By the end, Kenny coughed and spluttered throughout the day. Only when he slept did the gurgling nestled deep in his throat, stop. I knew it was the end – I’d known so for months. It didn’t make the goodbye any easier; leaving him there alone, imagining the high-pitched squeal of metal on metal.
The first time I met Kenny, I had looked on in both admiration and fear. Blue suited him but the way the sun glittered off of his edges made him seem dangerous. There was a moodiness about him, particularly in bad weather. I admired his strength though, his ability to take me to places I’d never seen before.
Soon my fear turned into courage; an unwavering sense of belief in myself. Thanks to Kenny and his patience. We battled storms within and without. We felt the rain lash our faces and the wind rattle us about. Sometimes we even ventured into hail and snow together; tackling the bitterness life often proffers, as a gift.
After two house moves, one break-up and the arrival of a cat, Kenny soon became an escape. An asylum. A sanctum. I worshipped his quiet. Thanked the cotton-candied heavens for his warmth and reassuring grumble. His ability to drive every care away into some place new. Into a new light, so my troubles no longer appeared as forbidding and sharp.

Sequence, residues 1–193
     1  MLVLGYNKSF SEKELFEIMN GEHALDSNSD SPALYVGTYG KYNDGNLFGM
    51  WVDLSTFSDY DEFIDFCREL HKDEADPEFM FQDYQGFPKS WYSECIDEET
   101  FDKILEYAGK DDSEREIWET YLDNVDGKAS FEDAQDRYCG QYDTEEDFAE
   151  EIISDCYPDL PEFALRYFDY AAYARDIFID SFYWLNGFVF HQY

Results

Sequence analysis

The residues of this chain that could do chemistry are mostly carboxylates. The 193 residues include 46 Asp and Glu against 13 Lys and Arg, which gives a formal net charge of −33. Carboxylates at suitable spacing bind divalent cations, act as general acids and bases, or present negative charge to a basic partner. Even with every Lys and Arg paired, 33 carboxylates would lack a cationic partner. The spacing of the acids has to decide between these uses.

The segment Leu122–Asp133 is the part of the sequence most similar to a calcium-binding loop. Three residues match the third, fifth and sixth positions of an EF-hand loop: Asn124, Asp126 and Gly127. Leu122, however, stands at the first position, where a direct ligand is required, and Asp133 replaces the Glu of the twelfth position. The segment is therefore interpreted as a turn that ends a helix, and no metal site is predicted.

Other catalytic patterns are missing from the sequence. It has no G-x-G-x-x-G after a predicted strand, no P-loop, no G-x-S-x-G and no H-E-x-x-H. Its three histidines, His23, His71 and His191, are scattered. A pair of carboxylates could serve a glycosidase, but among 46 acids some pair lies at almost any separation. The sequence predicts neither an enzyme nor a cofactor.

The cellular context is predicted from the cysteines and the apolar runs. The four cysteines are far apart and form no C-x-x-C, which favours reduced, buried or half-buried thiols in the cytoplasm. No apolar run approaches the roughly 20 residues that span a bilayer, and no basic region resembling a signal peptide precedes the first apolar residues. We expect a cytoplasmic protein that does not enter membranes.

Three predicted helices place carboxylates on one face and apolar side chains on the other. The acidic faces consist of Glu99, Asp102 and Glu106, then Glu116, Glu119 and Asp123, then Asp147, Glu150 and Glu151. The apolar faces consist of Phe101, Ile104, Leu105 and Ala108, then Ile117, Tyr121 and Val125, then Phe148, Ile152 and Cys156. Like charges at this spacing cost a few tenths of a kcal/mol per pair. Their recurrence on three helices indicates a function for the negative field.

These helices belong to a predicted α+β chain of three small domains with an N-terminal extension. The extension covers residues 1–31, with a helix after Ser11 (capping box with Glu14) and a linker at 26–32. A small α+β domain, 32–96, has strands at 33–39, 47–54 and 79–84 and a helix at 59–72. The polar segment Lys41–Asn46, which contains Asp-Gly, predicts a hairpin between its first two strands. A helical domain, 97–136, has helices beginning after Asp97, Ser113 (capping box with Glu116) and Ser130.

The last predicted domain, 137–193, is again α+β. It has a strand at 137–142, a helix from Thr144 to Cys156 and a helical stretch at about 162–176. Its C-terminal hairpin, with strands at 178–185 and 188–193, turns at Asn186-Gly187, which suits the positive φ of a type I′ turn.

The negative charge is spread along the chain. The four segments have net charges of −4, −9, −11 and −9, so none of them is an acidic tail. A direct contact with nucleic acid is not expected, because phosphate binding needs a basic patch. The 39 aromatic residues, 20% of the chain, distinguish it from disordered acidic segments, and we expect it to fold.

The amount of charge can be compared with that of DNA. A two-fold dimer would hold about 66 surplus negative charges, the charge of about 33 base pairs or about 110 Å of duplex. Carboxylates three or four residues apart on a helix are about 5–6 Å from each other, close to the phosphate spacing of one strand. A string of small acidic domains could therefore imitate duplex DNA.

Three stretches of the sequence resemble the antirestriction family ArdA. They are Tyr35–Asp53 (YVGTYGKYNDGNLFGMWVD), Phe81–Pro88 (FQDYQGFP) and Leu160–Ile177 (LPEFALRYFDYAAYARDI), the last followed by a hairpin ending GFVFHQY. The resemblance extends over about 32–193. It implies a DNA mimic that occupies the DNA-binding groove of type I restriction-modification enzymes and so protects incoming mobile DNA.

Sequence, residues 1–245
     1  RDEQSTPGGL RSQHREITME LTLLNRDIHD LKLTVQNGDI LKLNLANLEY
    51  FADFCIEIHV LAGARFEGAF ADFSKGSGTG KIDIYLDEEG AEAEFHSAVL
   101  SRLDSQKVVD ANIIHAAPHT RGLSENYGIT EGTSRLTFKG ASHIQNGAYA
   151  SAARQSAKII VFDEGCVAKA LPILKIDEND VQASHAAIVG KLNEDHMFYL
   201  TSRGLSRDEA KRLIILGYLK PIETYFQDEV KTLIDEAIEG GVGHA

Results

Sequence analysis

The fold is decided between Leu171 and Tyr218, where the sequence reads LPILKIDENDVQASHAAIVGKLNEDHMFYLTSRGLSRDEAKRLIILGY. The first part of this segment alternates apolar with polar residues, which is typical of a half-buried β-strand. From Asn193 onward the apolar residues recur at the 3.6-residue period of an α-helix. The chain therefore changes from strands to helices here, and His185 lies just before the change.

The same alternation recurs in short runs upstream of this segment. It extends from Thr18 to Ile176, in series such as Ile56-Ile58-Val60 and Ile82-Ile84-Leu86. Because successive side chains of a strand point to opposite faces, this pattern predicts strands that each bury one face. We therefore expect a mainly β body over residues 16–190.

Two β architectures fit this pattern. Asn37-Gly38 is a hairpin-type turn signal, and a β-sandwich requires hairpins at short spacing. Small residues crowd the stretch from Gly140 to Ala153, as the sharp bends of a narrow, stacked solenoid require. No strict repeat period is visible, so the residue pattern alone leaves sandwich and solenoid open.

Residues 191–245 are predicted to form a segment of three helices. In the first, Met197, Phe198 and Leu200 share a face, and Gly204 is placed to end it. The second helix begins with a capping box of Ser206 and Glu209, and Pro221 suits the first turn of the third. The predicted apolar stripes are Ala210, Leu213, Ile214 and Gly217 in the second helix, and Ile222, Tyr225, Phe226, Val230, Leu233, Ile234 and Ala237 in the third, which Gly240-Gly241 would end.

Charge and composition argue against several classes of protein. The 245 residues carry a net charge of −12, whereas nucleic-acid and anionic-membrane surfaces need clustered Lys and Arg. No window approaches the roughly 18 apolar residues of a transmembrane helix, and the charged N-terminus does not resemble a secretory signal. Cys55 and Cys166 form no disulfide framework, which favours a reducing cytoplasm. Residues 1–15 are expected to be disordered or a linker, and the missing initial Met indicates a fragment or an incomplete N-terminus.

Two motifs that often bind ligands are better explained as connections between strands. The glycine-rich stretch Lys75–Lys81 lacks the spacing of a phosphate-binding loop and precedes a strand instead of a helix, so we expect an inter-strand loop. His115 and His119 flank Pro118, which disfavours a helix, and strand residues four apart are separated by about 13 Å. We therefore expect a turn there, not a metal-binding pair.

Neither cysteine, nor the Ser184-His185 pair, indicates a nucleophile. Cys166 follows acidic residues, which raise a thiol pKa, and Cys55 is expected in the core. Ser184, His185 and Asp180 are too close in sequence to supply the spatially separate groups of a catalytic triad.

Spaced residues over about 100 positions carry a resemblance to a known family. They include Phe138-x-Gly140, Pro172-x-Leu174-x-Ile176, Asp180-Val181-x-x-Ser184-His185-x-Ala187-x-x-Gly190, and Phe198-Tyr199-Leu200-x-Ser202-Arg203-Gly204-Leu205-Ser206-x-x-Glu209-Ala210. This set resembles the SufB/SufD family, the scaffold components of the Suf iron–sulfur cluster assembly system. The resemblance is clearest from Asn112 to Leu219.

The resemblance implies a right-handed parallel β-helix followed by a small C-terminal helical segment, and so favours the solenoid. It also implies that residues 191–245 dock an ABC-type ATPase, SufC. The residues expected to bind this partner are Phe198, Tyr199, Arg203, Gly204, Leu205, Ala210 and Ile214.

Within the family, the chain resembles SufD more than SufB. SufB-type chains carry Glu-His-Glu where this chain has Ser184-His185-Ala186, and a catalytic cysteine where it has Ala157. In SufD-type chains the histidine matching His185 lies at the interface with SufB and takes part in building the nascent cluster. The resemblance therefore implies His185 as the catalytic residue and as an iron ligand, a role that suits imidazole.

To put it simply, he was a confidant. He was the first to feel the measure of my day (nails buried deep in leather); the first and last to hear me sob unashamedly and messily; the one I giggled in front of without shielding my teeth. He had been more to me than I had imagined he would be when we first met.
So, by the end, all I could offer him was undying thanks wedded to memories of every time we had run away together to flout existence’s wants. I could not comfort him. I could not stop time from wreaking its inevitable effects. All I could do, was hope. Hope that by the time it happened, he would be too far gone; deafened to the high-pitched squeal of metal on metal.
Prose: © Kristiana Reed 2020